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Monday, September 28, 2015

Pay Transparency Final Rule Imposes New Obligations on Federal Contractors

The Office of Federal Contract Compliance Programs (OFCCP) recently published a final rule imposing new obligations on federal contractors when it comes to pay transparency. This new rule, which according to the Administration seeks eliminate pay secrecy that can inhibit employees from exercising their rights to seek redress for discriminatory pay practices, is another in a line of several new labor obligations placed on federal contractors.

The final rule issued by the OFCCP prohibits contractors from discharging or discriminating against any employee or job applicant because the employee or applicant inquired about, discussed, or disclosed the compensation of the employee or applicant or another employee or applicant. An exception exists for employees that have access to compensation as part of their essential job functions. The rule does not require contractors and employees to disclose such information upon request, but rather prohibits adverse action against those who choose to do so.

The pay transparency final rule also imposes affirmative obligations on federal contractors and subcontractors. Specifically, the final rule requires that the equal opportunity clause included in covered federal contracts and subcontracts state that contractors and subcontractors are prohibited from discharging or discriminating against employees or applicants who inquire about, discuss, or disclose their compensation or the compensation of other employees or applicants. The final rule also requires that federal contractors incorporate a prescribed nondiscrimination provision into their existing employee manuals or handbooks and disseminate the nondiscrimination provision to employees and job applicants.

Federal contractors will need to take affirmative steps in the coming months to comply with this new rule, which goes into effect on January 11, 2016. They must make sure that their subcontracts include the amended equal opportunity clause that includes the prohibition against retaliation or discrimination for discussing employee compensation. Federal contractors must review and amend their policies and practices to avoid any implication that they prohibit or tend to prohibit employees or applicants from discussing pay, as well as update their employee manuals and handbooks to include the prescribed nondiscrimination provision. Federal contractors must also disseminate through electronic and/or physical postings the prescribed provision to their employees and job applicants, and post the updated “EEO is the Law” poster if they enter into or modify federal contracts or subcontracts after the rule goes into effect. Because employees with access to compensation information as part of their essential job functions are excepted from this rule, federal contractors should review job functions and descriptions to determine whether a given position has access to pay information as an essential job function, and amend job descriptions as necessary to reflect that essential function.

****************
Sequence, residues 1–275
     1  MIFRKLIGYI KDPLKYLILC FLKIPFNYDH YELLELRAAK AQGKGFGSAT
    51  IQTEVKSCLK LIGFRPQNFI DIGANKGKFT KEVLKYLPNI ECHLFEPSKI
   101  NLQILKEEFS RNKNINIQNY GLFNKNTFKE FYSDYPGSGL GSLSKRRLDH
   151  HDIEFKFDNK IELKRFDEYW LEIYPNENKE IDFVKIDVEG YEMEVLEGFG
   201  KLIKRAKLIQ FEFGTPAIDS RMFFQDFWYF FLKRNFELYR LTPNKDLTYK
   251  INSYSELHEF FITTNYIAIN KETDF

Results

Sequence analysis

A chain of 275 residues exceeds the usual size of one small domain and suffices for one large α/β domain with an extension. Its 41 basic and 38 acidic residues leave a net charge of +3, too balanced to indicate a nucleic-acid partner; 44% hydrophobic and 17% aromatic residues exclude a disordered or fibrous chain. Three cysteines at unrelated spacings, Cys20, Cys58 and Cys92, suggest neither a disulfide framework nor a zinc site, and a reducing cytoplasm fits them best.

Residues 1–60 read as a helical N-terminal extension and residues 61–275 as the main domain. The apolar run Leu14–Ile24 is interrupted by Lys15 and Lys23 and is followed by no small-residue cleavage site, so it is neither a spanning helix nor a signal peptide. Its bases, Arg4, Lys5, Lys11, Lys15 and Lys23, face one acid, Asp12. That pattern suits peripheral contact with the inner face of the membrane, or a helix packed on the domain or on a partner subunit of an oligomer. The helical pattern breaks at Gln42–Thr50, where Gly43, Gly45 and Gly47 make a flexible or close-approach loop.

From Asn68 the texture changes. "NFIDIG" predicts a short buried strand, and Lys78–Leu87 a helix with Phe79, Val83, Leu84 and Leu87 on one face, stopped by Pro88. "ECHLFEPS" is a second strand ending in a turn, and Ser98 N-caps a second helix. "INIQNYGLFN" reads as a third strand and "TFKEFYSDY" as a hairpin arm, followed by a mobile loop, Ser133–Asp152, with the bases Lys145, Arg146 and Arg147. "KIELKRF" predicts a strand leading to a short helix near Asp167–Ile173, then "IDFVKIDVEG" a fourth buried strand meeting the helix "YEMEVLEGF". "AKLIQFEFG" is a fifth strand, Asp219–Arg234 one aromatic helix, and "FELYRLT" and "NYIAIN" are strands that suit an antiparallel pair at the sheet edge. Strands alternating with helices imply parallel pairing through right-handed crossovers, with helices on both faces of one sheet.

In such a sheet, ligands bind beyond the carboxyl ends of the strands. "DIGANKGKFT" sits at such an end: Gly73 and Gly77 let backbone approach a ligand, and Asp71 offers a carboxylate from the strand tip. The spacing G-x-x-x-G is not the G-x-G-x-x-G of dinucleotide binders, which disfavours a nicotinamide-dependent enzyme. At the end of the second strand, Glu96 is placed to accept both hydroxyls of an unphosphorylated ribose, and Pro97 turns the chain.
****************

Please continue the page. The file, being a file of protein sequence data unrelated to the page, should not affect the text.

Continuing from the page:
Federal contractors should be aware that this new rule may lead to tension in the workplace now that previously confidential compensation information may be disclosed. Not only must employers take the steps necessary to be in compliance with this rule, but they should begin reflecting from an HR perspective how they will deal with the potential impact on employee morale once this rule goes into effect.

Stephanie Wilson is an attorney Berenzweig Leonard, LLP. She can be reached at

Wednesday, September 23, 2015

New SBA Rule Promotes Growth and Development of Women-Owned Small Businesses

Women-owned small businesses are growing three times faster than their counterparts, yet they currently receive less than 5% of federal contracting dollars. The U.S. Small Business Administration (SBA) recently issued a final rule that is “a major step forward in leveling the playing field and supporting our country’s dynamic female entrepreneurs,” said SBA Administrator Maria Contreras-Sweet. This new rule encourages more women entrepreneurs to grow and start new businesses and create more jobs.

The SBA’s new rule, effective October 14, 2015, gives contracting officials the authority to award sole-source contracts to women-owned businesses without first placing the work out for bid. The rule seeks to provide greater opportunities for women-owned small businesses in the federal contracting marketplace, on par with the opportunities afforded to other types of small businesses. Contracting officials are currently able to award sole-source contracts to minority or service-disabled veteran-owned small businesses.

The rule sets out certain requirements that must be met before a sole source contract is awarded. First, a contract can only award up to $4 million (or $6.5 million for manufacturing contracts). Second, the selected woman-owned small business must be deemed a responsible contractor. Third, the selected woman-owned small business must be the only women-owned small business that can perform the work. Fourth, the award must be made at a fair and reasonable price.

The SBA is hopeful that this new rule will help the federal government achieve its goal of awarding 5% of its contract dollars to women-owned businesses. Women-owned businesses should be aware of this rule, which gives them a new competitive advantage in the federal marketplace and provides new opportunities to grow their business and revenues.

Stephanie Wilson is an attorney Berenzweig Leonard, LLP. She can be reached at Sara Almousa is an intern with Berenzweig Leonard, LLP.